So, from time to time ask yourself, “Am I just busy doing things or am I focused on getting things done?”

Remember to take the time to knock things off your list and not just add things to it.


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172) Know The Three P’s

In developing your professional relationships, over time you need to create a mutual sense of “knowing.” 

This, however, cannot be limited to others only knowing who you are and what you do.  And, likewise, you need to know more than just these things about the other person.

This “knowing” must encompass all aspects of the three P’s:

The first “P” is Past Information: Where they are from? Where they went to school?

The second “P” is Personal Lives: What is their marital status? Do they have children? What hobbies or interests do they have?

The final “P” is Professional Background: What did they study? What degrees and licenses do they have? Who have they worked for? What are the unique experiences or specialties that they have? 

It is upon this “knowing” that the entire relationship is built, so it’s best you invest some time into it.


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171) The Subsequent Steps

Let’s be honest. There is no shortage of ideas. They are simply easy to come by. They happen in the shower. And they’ll hit you while you’re mowing the lawn, vacuuming the house, and commuting in traffic. Ideas are downright easy.

What’s hard is getting started. The first few words of your book idea can be a chore. Making the first pitch on that new initiative you’ve concocted is frightening. The first step of any journey can seem daunting.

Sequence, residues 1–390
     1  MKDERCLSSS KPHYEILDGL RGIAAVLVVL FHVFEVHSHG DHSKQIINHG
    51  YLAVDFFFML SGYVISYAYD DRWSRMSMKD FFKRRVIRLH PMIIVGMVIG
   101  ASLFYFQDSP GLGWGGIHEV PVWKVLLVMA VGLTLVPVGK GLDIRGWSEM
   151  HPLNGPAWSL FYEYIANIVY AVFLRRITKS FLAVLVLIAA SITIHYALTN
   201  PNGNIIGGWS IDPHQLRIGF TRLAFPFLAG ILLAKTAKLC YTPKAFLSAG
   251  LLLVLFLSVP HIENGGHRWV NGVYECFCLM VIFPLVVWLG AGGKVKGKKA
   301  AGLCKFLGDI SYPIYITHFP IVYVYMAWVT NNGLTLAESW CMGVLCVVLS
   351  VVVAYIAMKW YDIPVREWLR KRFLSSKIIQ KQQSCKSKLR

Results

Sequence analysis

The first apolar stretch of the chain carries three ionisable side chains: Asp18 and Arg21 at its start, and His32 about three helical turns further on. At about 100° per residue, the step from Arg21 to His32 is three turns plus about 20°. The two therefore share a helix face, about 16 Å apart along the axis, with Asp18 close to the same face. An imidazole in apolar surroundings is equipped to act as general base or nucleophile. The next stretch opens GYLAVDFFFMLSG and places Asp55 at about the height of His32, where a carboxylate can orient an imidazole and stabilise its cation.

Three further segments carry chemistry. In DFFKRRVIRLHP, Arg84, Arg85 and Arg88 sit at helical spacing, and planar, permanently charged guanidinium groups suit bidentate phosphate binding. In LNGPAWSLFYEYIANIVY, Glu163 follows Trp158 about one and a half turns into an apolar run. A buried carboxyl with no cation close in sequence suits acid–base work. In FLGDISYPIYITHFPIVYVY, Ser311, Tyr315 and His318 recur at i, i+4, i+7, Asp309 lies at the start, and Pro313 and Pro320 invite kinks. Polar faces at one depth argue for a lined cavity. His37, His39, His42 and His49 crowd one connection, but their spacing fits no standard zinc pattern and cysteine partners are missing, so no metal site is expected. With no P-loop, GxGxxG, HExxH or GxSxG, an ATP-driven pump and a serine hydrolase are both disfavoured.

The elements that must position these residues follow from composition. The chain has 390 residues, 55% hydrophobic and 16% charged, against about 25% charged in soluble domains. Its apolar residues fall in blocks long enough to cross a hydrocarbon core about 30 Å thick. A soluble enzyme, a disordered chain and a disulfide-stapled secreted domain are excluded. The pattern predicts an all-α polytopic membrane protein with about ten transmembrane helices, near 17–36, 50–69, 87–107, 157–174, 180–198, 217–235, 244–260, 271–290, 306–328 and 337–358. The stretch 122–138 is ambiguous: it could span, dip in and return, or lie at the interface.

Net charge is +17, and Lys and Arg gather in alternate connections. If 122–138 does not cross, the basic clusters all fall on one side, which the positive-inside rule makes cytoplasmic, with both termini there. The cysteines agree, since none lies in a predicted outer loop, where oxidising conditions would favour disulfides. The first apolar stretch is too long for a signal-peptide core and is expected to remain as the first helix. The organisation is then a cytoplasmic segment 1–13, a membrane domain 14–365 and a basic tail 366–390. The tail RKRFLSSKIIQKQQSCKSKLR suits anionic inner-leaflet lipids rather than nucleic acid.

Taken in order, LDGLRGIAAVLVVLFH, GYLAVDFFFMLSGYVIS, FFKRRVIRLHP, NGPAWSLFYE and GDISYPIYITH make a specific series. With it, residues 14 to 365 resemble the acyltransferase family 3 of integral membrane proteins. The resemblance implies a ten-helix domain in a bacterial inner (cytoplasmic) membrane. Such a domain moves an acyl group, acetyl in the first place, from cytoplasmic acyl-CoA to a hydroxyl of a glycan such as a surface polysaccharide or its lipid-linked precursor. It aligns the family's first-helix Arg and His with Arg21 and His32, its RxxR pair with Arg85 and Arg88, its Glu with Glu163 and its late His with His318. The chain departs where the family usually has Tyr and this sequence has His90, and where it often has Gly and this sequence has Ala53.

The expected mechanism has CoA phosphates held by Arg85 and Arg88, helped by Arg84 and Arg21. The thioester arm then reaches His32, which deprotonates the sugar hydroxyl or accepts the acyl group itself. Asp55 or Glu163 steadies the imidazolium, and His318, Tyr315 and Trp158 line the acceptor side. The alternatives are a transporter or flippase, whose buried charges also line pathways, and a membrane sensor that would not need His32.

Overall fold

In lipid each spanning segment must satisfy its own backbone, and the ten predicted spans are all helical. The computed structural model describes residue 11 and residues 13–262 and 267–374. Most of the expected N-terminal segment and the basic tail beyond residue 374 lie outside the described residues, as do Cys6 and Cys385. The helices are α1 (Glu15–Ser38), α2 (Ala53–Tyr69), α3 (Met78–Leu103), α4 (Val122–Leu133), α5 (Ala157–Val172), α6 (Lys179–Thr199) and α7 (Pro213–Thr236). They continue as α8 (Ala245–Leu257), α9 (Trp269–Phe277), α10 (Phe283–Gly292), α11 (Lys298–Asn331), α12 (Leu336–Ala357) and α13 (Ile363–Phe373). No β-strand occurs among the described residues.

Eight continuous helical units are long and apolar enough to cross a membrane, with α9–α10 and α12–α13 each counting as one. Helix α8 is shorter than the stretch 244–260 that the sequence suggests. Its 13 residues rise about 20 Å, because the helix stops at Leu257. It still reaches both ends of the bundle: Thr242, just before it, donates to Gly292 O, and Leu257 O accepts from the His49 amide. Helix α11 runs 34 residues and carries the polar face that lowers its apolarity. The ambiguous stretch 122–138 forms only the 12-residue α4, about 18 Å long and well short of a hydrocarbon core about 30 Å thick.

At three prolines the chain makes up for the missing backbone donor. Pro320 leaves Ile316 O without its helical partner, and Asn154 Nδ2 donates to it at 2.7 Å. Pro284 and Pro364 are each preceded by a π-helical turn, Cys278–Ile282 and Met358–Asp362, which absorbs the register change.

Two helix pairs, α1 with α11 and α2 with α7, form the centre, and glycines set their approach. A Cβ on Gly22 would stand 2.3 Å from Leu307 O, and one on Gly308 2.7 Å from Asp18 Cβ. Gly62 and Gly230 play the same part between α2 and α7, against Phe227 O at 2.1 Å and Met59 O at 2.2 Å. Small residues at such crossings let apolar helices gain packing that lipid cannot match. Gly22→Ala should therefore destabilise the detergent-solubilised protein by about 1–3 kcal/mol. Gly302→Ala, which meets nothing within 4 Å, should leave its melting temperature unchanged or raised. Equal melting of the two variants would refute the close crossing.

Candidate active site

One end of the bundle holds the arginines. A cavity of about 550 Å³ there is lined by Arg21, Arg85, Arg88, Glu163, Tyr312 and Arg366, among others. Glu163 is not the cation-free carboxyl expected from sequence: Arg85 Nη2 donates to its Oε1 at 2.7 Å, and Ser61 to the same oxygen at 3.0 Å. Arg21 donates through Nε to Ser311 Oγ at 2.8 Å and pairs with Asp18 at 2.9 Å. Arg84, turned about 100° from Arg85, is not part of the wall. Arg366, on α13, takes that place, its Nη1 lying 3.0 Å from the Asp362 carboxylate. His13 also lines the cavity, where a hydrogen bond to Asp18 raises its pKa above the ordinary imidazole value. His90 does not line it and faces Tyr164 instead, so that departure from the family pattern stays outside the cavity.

Yes, the first step is the hardest part. But the most important steps are all the ones that come after the that. The first one gets you moving, but the ones after that create momentum. And it’s this momentum that helps you see things through.

In fact, without these subsequent steps, your effort on the hardest part is wasted.

So, to achieve on any idea, get started and keep stepping.


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170) Express Quiet Confidence

People love passion. They love enthusiasm. They are drawn to it. They feed off it. It actually inspires them to become a better version of themselves.

Therefore, a great way to help build your network is to carry yourself in a manner that exudes enthusiasm as to who you are, what you do, as well as what you stand for.  

This, however, doesn’t mean to demonstrate this passion you have to be loud, animated, excited or gregarious. In fact, in extremes these attributes can be off-putting and detrimental. But even at reasonable levels these characteristics are unnecessarily.

Rather enthusiasm and passion are best conveyed by how you carry yourself. You need only exhibit a confident and optimistic demeanor that subtly whispers, “I believe in who I am and what I can do.” If you consistently do this, your passion and enthusiasm will come through loud and clear.